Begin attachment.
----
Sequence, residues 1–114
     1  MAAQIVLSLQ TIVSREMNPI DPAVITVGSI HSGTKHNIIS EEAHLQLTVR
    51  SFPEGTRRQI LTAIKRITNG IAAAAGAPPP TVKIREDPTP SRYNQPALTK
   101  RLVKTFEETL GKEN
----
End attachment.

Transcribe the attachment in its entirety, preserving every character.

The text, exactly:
Sequence, residues 1–114
     1  MAAQIVLSLQ TIVSREMNPI DPAVITVGSI HSGTKHNIIS EEAHLQLTVR
    51  SFPEGTRRQI LTAIKRITNG IAAAAGAPPP TVKIREDPTP SRYNQPALTK
   101  RLVKTFEETL GKEN